“Is it really possible for a faith system to endorse democracy?” was the question posed in the April 12 edition of the Ottawa Citizen to the panel of interfaith religious leaders who respond to the questions raised in the paper’s weekly Ask the Religion Experts column.
I was particularly interested in the response from Rabbi Reuven Bulka of Congregation Machzikei Hadas, who provides the Jewish perspective to the panel.
“We have learned throughout history that the marriage of religion and politics is quite toxic. A country run on strict religious principles does not compromise on those principles, does not allow free choice of alternate religions and will not entertain any voting system that would jeopardize its hold on the population. … Try to think of any theocratic state that has welcomed the free expression of ideas rather than its suppression,” he wrote.
Not many days after that particular column appeared in the Citizen, the latest U.S.-brokered efforts in the Middle East peace process appeared to collapse because Palestinian Authority (PA) President Mahmoud Abbas – who is now in the 10th year of his four-year term – threw the talks into jeopardy by announcing a reconciliation agreement with Hamas, the theocratic Islamist group that has governed Gaza since violently taking control there away from the PA in 2007.
Hamas – a terrorist organization and recognized as such by Israel, Canada, the United States and the European Union, among others – has governed Gaza with exactly the kind of fundamentalist toxicity that Rabbi Bulka described.
Abbas knew that reconciliation with Hamas – which has since reiterated it would never recognize Israel and which regards all of Israel as occupied Palestinian territory – would make it all but impossible for the talks to continue.
And that would seem to be his strategy with the move: to force the talks into failure.
Of course, there have been three other reconciliation agreements between the PA and Hamas since 2007, and none of them have succeeded. It’s not a stretch to imagine this one meeting the same fate.
We were deeply saddened when the Right Honourable Herb Gray passed away on April 21, a few days after our last issue went to press. Although he represented a riding in his hometown of Windsor, Ontario, for almost 40 years, he chose to live in Ottawa after his retirement from politics and was a most valued member of Ottawa’s Jewish community.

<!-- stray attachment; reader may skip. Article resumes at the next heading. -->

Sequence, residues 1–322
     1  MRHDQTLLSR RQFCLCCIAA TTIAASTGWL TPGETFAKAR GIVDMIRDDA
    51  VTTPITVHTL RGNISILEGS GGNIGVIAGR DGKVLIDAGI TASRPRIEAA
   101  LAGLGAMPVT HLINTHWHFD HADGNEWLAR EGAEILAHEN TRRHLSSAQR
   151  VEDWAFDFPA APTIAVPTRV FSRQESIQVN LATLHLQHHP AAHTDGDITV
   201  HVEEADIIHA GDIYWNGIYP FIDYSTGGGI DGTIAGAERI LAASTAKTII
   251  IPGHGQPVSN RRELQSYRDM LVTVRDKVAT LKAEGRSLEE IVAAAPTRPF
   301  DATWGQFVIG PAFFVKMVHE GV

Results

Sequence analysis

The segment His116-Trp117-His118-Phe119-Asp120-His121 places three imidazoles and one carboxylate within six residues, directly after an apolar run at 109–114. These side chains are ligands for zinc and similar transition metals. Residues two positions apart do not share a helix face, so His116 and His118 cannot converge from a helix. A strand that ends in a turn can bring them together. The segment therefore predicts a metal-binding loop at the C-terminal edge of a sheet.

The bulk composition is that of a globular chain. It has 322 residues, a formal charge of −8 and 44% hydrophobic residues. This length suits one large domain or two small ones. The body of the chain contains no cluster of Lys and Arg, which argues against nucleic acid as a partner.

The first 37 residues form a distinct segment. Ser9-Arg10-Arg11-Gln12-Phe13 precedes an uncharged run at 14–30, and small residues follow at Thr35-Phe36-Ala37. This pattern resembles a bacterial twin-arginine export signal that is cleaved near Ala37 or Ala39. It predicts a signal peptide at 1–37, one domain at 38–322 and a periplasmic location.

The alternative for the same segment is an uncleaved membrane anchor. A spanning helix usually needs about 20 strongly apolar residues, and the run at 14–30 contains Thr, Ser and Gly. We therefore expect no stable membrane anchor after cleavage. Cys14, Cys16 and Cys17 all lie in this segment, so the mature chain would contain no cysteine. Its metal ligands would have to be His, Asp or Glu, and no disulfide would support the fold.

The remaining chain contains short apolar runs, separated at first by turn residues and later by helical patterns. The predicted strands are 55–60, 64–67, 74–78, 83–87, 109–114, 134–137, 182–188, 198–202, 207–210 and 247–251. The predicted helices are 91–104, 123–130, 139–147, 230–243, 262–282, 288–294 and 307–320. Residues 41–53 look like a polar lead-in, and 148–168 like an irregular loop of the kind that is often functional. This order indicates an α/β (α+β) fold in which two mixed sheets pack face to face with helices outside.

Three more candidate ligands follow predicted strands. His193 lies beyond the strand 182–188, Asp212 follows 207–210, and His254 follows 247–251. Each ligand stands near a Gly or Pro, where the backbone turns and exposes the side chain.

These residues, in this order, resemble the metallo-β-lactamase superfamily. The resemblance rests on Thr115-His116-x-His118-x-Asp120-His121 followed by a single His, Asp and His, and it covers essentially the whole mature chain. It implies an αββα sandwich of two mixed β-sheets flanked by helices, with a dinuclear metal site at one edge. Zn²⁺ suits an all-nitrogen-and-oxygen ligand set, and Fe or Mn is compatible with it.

Herb Gray’s legacy in government service remains one of the most significant of modern times. He was first elected to Parliament in the 1962 election and was re-elected another 12 times. When prime minister Pierre Elliot Trudeau appointed him to cabinet in 1969 – two years after Canada’s centennial – he became just the first Jewish cabinet minister in our country’s history.
He would go on to a distinguished career in cabinet, holding numerous portfolios in the governments of prime ministers Trudeau, John Turner and Jean Chrétien – finally serving as Chrétien’s deputy prime minister and deputy leader of the Liberal Party from 1997 to 2002. He also served as Opposition leader for most of 1990, following the resignation of Turner and until the selection of Chrétien as Liberal leader.
Quite remarkably, Herb Gray was one of the rare – and increasingly rare, it seems – politicians who, despite fierce partisanship, commanded universal respect from all political quarters. When he retired from Parliament in 2002, then-governor general Adrienne Clarkson granted him the title of Right Honourable – a designation usually reserved for Canadian prime ministers, governors general and chief justices of the Supreme Court.
On behalf of the Ottawa Jewish Bulletin, I extend our condolences to his wife, Sharon Sholzberg-Gray, and to their children and grandchildren.